Permanent residence for non-EU/EEA/Swiss nationals

Permanent residency in the Netherlands

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After living in the Netherlands for five years, foreign nationals and their family members can apply for a Dutch permanent residence permit.

Once you have lived in the Netherlands for five continuous years, depending on your nationality and circumstances in the Netherlands, you can be eligible for either Dutch or European permament residence.

Citizens from the European Union (EU), European Economic Area (EEA – EU plus Iceland, Liechtenstein and Norway) and Switzerland are eligible for European permanent residence, as well as their family members regardless of nationalty.

Non-EU/EEA/Swiss citizens are also eligible for permanent residency, although they will be assessed for either long-term resident-EC status or 'regular' Dutch permanent residency, depending on which conditions they fulfil.

Certain foreign residents in the Netherlands are also eligible for Dutch citizenship after five or 10 years (three years in certain cases, such as marriage to a Dutch citizen). Read more about getting Dutch citizenship.

This guide answers some important questions on getting permanent residency:

What are the benefits of Dutch permanent residence?

Dutch permanent residence status allows you to stay in the Netherland indefinitely. Your residence permit document is valid for five years, and can be renewed.

With a Dutch permanent residence permit you are free on the Dutch labour market, meaning you do not need a work permit.

Your application will be processed by the Immigration and Naturalisation Service (IND).

Permanent residence for EU/EEA/Swiss citizens and family members

If you are an EU/EEA or Swiss citizen and have lived continuously in the Netherlands for at least five years, you can apply for a permanent residence permit for 'citizens of the European Union and their family members'.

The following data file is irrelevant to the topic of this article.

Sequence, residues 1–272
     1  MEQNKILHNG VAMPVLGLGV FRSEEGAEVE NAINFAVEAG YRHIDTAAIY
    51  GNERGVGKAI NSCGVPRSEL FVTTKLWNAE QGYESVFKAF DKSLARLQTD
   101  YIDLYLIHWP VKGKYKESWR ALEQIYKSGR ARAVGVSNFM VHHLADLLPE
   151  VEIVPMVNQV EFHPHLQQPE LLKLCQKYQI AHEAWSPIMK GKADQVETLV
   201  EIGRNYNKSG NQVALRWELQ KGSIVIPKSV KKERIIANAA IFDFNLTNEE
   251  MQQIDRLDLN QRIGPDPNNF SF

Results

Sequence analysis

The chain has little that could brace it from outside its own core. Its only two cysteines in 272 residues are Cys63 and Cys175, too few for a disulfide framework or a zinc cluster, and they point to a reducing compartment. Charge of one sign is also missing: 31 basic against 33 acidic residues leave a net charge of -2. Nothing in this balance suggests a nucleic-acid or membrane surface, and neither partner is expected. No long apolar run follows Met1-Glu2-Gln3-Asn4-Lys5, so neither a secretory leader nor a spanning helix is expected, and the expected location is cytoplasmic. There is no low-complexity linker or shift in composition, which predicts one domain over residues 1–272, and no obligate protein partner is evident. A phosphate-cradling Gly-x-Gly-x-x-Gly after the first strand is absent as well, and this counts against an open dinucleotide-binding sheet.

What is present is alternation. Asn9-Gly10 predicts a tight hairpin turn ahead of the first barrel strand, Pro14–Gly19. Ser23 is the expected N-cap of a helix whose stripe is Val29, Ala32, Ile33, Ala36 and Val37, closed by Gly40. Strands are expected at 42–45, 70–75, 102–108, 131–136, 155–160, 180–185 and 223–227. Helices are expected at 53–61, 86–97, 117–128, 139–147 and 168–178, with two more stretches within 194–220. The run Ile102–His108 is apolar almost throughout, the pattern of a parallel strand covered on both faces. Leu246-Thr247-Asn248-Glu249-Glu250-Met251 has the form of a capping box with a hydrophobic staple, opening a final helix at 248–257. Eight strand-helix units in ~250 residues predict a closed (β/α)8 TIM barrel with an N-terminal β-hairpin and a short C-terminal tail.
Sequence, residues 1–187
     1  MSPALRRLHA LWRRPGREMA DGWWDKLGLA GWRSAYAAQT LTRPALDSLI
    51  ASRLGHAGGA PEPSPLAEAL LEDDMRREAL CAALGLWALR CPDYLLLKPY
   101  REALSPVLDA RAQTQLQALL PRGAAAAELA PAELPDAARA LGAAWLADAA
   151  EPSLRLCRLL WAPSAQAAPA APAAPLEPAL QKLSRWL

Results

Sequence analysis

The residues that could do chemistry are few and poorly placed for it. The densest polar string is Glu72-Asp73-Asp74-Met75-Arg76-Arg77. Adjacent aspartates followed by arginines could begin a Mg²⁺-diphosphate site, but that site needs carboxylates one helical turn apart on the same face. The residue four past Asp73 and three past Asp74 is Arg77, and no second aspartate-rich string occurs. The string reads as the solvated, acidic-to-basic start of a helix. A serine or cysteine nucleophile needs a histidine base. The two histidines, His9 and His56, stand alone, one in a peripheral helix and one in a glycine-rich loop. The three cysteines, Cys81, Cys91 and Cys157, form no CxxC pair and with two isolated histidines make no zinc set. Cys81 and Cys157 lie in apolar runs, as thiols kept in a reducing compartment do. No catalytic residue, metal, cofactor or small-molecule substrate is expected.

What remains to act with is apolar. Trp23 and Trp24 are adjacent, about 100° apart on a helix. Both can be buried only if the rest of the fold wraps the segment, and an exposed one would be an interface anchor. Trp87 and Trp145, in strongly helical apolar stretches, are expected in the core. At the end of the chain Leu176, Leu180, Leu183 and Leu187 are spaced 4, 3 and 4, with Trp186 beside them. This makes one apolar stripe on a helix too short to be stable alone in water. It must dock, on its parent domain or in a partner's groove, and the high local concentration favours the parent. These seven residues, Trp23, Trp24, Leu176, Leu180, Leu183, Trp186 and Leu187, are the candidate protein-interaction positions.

This also applies to family members who are non-EU/EEA/Swiss citizen, such as spouses, dependent children or relatives of EU/EEA/Swiss citizens regardless of their own nationality.

This five-year term can be shorter if you have been working in the Netherlands but have retired, become unfit for work or are a cross border worker, while living in the Netherlands. There are different conditions in each of these cases (see the IND website for more information).

How to apply for permanent residence as an EU/EEA or Swiss citizen

You must complete an application form and submit it to the IND with a passport/ID card and accompanying documentary evidence. You can download the form here (in Dutch).

Documents
You'll need to show evidence of your personal circumstances. For example:

  • evidence that you've lived in the Netherlands for the entire five-year period (for example, an employment contract or a health insurance policy providing five years of coverage);
  • if you're a family member of an EU/EEA or Swiss citizen, the residence document which granted you permission to stay in the Netherlands on the basis of that relationship;
  • if you're retired, you'll need evidence that you were working for at least one year before your retirement;
  • if you've been declared unfit for work, evidence that you worked for two years in the Netherlands beforehand;
  • if you're a cross border worker, proof that you stayed and worked in the Netherlands for three years before getting a job in another EU state, that you still have your home in the Netherlands, and that you return at least once a week.


Fees

You have to pay a fee for the IND to process your application, which is non-refundable if your application is rejected. This is currently EUR 50 (2016 fee), although prices are reviewed each year. For the latest fees, click here.

Processing times
The IND aims to decide on applications within eight weeks. For non-EU/EEA/Swiss family members, the processing time is a maximum of six months.

What happens next?
Once the IND has processed your application, you will be sent a letter with the decision. If you are granted permanent residence, you will be invited to collect the document about two weeks later at a regional IND desk.

Dutch permanent residence

Permanent residence for non-EU/EEA/Swiss citizens

Non-EU/EEA/Swiss citizens are eligible to apply for a permanent residence permit if they:

  • have lived continuously in the Netherlands for five years;
  • have a valid residence permit for a non-temporary purpose of stay; 
  • are sufficiently integrated in Dutch society.


The IND will first check if you meet the European requirements set out in Directive 2003/109/EC and if so, you will receive a permanent residence permit as an EC long-term resident (long-term resident-EC status). With this status, you are typically allowed to move to other EU member states. It's important to note that a permit for exchange purposes does not count towards your five-year period, and any years of residence for study purposes only count for half of the the period you stayed.

If you don't meet the European requirements, the IND will assess your application based on national legislation. If the conditions are met, you will receive a permanent residence permit in accordance with national law (a long-term Dutch residence permit).